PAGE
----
Glimpses of the Past

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The students have been learning more about the geology of the Turkana Basin.  Today they learned about how layers of sediment form (stratigraphy) and what these layers can tell us about the nature of past environments.   Sediments are particularly useful in telling us about the topography (profile) of landscapes and the presence of rivers, lakes or oceans.  In an outcrop at the Turkwel cliffs, down river from the TBI campus, students could observe the different layers of sediment that had formed over the past 200,000 years. Students also measured river depth, width, water speed, and collected sediment samples to compare it to the up river TBI location.

Devora, Anna, and Izaak in front of the Turkwel cliff, that clearly reveals the many different layers of sediment accumulated over 200,000 years.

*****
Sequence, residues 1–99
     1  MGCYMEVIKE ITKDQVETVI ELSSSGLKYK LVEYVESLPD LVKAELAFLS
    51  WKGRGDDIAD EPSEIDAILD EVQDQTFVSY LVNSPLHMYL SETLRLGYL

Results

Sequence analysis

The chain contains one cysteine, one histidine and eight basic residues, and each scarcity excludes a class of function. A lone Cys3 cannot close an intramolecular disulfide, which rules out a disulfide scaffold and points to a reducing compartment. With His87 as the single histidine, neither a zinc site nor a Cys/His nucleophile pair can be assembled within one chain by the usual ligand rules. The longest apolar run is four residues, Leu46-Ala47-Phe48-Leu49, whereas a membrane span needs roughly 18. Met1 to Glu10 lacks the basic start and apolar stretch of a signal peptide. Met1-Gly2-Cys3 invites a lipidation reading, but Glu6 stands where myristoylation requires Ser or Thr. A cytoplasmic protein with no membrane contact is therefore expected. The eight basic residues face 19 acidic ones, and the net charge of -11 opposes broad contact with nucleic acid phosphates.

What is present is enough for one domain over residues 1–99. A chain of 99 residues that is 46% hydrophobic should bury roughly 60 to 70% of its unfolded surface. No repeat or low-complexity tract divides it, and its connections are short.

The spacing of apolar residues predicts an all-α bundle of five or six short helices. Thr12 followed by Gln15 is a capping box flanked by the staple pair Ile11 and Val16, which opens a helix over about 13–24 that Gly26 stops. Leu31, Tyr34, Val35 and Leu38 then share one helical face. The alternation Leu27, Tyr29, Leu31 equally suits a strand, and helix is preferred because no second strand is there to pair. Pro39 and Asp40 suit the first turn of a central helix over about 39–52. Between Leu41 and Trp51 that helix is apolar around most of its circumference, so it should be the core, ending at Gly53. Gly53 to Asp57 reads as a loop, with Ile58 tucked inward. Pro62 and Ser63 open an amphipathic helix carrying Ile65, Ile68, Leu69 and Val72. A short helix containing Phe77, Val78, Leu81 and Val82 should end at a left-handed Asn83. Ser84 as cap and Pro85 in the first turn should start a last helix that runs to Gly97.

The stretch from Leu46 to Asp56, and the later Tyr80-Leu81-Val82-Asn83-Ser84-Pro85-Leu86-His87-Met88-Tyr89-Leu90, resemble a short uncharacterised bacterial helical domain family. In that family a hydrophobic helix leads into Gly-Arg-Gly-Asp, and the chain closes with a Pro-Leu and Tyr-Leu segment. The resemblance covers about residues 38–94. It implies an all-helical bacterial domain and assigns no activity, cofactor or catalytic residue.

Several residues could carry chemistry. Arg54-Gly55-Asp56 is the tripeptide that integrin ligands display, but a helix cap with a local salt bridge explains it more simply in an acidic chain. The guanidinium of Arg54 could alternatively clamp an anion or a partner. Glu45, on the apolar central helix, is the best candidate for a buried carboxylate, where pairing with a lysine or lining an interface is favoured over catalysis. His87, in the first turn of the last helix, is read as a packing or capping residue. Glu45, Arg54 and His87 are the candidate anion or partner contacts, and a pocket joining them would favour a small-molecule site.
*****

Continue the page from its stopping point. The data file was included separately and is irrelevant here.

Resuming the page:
Fine sediments such as clay and silt make a great face mask according to Bean.

Sometimes unexpected visitors appear - note the curious camel !

 

Benson, James, and Bean swear that short exercise breaks enhance focus.

By | 2017-01-04T18:05:21+00:00 February 9th, 2012|Field Schools|Comments Off on Glimpses of the Past

About the Author:

Hello, I am Anja Deppe. I am a physical anthropologist and am interested in all aspects of ecology and animal behavior. In Madagascar, I investigated how mouse lemurs (tiny primates) use their senses of seeing, hearing, and smelling to avoid predators. I am currently the director of the Turkana Basin Institute Field School and share my time between Kenya and Stony Brook University.